Access to over 50 Service Design and CX tools and guides and examples of how to use them

A structured platform and implementation plan to deliver the Six Disciplines of Customer Experience

Your own full time coach and trainer who will actively build the capability of your entire team in how to understand, design and build product and services that will solve your customers biggest problems

All of this is supported by 10 years of experience in designing and delivering Customer Centric outcomes for major Australian organisations such as Optus, AMP, Westpac, News Limited and Virgin Mobile.

If you would like to find out more,  email to receive more detailed information and pricing.

Posted on November 24, 2016 .

Masterclass Slides for "Building a Competitive Customer Journey"

This week I want to share with you not only the value of mapping your customers journey, but even more importantly, share with you over 100 workshop slides for “Building a Competitive Customer Journey”. It’s a step by step guide on how to build a Customer Journey and enable you to run your own Customer Journey Workshops for your teams. Over 100 slides ready to go and be used to help build your own internal teams capability.


Read on if you find yourself facing these problems:

1. No visibility into how your customers feel and behave when they are interacting with your product/service 

2. Inability to identify what customers care about most when experiencing your product/service 

3. No visibility to how your customers are interacting with your product/service offering across different channels and contexts 

4. Multiple channels and functions of the organisation makes it incredibly difficult to provide a consistent and great customer experience each and every time 

5. When everything seems like a priority, it is a challenging task to filter out which customer experience initiatives are nice-to-haves and which ones are packed with customer and business impact



It gives you the customer point of view

Customers go through more stages than just buying and using a product/service. The customer journey maps allow you to visualise the different complexities and nuances of their experience and demonstrates what the customer is thinking, wanting and doing as they engage with your product/service. With key interactions mapped across time, you will gain real insight into the journeys your customers take with you.

It reveals the truth

The customer journey map is based on the evidence of real research and raw customer opinion providing you with the freedom to explore new “truths” about your customers. To be able to provide a great customer experience, you cannot shy away from what is REALLY happening in your customers’ journey with you, the customer journey map helps you do just that.

It identifies obstacles, which are opportunities

The customer journey map reveals key customer pain points and negative moments of truth where process, system and service failures are revealed. This allows for the identification of the broken parts of the customer journey that requires urgent attention, also allowing you to visualise how large of an impact this will have on your customers’ journey if this problem was fixed.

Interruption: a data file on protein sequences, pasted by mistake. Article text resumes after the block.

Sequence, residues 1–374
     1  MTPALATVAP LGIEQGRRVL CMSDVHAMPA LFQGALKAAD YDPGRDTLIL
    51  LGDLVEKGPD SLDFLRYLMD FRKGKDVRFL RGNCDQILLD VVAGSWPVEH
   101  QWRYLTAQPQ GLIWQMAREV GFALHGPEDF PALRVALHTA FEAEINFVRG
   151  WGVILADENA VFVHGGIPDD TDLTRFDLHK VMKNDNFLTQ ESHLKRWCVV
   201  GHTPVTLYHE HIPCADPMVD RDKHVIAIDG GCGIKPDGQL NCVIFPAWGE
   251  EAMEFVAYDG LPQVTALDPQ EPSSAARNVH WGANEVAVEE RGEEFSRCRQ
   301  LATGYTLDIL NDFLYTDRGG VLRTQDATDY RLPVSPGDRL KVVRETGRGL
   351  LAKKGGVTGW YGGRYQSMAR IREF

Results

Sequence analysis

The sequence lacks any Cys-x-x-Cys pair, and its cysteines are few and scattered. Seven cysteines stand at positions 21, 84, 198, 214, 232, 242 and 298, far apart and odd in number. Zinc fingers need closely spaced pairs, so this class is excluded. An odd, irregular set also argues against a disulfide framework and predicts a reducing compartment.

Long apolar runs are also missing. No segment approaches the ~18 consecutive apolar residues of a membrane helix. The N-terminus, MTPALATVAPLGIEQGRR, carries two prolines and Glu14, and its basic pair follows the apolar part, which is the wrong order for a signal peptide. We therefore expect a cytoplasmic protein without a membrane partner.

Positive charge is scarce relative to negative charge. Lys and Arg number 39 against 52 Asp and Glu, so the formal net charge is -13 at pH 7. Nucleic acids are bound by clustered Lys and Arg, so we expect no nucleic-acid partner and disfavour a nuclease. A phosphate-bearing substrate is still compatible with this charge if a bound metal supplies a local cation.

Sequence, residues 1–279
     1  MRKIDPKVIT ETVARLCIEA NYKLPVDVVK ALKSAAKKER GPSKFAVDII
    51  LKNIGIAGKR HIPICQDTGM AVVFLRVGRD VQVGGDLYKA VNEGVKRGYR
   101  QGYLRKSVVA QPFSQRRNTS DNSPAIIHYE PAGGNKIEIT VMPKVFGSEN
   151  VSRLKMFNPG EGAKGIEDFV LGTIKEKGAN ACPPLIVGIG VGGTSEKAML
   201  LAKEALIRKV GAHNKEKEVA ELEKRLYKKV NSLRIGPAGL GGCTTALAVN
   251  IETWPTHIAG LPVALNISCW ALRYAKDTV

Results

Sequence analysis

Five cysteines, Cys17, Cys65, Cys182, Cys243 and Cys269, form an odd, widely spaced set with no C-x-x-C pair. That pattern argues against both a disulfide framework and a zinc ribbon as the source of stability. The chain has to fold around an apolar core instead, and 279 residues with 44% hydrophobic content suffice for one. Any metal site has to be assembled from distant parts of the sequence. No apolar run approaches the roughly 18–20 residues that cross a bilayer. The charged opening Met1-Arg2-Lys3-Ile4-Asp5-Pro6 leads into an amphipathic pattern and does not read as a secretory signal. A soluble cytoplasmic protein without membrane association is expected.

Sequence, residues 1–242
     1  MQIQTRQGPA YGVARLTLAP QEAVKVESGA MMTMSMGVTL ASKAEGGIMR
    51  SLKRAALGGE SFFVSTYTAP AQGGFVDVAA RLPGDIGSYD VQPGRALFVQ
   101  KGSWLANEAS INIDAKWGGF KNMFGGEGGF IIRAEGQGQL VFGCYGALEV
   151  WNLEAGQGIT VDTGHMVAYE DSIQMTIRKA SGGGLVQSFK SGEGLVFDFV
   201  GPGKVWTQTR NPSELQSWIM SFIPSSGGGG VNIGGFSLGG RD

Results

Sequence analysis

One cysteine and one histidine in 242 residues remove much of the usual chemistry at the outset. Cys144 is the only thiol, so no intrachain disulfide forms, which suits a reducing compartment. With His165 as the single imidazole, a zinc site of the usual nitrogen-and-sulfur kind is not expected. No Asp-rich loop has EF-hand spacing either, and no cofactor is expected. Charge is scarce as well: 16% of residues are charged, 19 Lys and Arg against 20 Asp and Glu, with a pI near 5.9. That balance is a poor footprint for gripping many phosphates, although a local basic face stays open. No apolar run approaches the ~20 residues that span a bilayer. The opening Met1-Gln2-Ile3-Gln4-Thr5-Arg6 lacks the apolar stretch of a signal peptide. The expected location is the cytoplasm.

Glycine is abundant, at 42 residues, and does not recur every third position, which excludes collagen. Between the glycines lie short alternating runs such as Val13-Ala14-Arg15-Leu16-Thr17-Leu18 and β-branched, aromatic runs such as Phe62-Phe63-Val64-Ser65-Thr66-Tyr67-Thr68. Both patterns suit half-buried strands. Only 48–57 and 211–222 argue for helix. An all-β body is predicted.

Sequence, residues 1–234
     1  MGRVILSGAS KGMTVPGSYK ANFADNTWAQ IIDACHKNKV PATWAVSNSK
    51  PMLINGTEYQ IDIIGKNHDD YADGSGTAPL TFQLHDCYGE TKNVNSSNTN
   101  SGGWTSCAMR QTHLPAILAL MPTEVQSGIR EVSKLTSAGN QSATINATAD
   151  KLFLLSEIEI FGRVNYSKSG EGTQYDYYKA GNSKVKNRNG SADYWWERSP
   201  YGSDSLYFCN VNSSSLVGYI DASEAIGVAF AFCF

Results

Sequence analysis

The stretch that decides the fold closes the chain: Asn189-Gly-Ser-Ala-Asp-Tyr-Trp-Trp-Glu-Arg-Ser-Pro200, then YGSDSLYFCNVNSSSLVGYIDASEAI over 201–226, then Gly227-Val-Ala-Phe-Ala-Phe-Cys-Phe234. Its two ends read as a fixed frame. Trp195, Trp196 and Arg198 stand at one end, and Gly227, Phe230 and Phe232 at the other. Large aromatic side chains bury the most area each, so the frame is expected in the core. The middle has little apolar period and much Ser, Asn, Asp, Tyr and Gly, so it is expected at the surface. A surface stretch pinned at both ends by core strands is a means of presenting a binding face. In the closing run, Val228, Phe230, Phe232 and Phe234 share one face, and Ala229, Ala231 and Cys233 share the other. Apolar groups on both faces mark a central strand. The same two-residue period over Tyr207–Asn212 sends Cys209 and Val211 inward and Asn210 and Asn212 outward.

It allows you to empathise with your customers

Customer feelings, motivations, wants and needs sits at the heart of all customer journey maps. By visualising the emotive side of your customers’ journey, the customer journey map encourages people across the organisation to consider and empathise with the customers’ feelings, questions and needs.



You understand what your customers truly want when they engage and interact with you 

Demonstrate how your customers feel and behave when interacting with your product/service 

Identify the “job” which your customers “hire” your product/service for - giving you insight into why exactly they need your product/service 

Determine problem and opportunity areas to improve the customer experience in the short and long run 

Prioritise ideas and initiatives to develop a roadmap to customer experience success 

Quantify how important these initiatives are and how much they can contribute to increased customer satisfaction scores across the customer journey 

Identify the positive business outcomes in investing into customer experience


Good luck with building your Competiitve Customer Journey, Click the image or the link below to access the Masterclass Workshop Slides.


Click here if you would like to access to our “Building a Competitive Customer Journey” Masterclass slides.

Posted on November 10, 2016 .

The reason negative word of mouth kills Service brands

The interest in design has taken increased markedly within both consumers and organisations over the past decade. Where it was once once the domain of a select group, everyone now wants well designed products. And for good reason too, in an extensive Study by CEB Research of over 100,000 customers all across the world, they found that a Positive Product Experience produced 71% positive World of Mouth and only 32% Negative World of Mouth.

What was even more interesting were the finding for the Services. For those customers who had a positive service experience, it only generated only 25% positive Word of Mouth. The even more staggering statistic was the a negative Service Experience generated a whopping 65% negative work of mouth!